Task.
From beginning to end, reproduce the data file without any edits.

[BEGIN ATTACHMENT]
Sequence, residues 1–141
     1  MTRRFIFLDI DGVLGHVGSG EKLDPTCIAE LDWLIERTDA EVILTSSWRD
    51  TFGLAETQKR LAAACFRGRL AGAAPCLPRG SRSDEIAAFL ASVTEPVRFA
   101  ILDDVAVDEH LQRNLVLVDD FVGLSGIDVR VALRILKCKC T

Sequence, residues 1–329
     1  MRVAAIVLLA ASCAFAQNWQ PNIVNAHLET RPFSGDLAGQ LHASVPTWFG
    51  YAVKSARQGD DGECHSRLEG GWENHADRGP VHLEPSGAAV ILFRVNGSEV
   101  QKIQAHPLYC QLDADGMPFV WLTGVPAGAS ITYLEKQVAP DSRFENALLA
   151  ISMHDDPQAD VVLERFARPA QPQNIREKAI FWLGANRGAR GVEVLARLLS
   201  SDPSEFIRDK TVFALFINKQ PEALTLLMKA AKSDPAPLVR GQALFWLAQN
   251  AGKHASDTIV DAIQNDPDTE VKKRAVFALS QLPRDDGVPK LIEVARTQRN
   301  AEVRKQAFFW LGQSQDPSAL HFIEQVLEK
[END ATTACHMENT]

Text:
Sequence, residues 1–141
     1  MTRRFIFLDI DGVLGHVGSG EKLDPTCIAE LDWLIERTDA EVILTSSWRD
    51  TFGLAETQKR LAAACFRGRL AGAAPCLPRG SRSDEIAAFL ASVTEPVRFA
   101  ILDDVAVDEH LQRNLVLVDD FVGLSGIDVR VALRILKCKC T

Sequence, residues 1–329
     1  MRVAAIVLLA ASCAFAQNWQ PNIVNAHLET RPFSGDLAGQ LHASVPTWFG
    51  YAVKSARQGD DGECHSRLEG GWENHADRGP VHLEPSGAAV ILFRVNGSEV
   101  QKIQAHPLYC QLDADGMPFV WLTGVPAGAS ITYLEKQVAP DSRFENALLA
   151  ISMHDDPQAD VVLERFARPA QPQNIREKAI FWLGANRGAR GVEVLARLLS
   201  SDPSEFIRDK TVFALFINKQ PEALTLLMKA AKSDPAPLVR GQALFWLAQN
   251  AGKHASDTIV DAIQNDPDTE VKKRAVFALS QLPRDDGVPK LIEVARTQRN
   301  AEVRKQAFFW LGQSQDPSAL HFIEQVLEK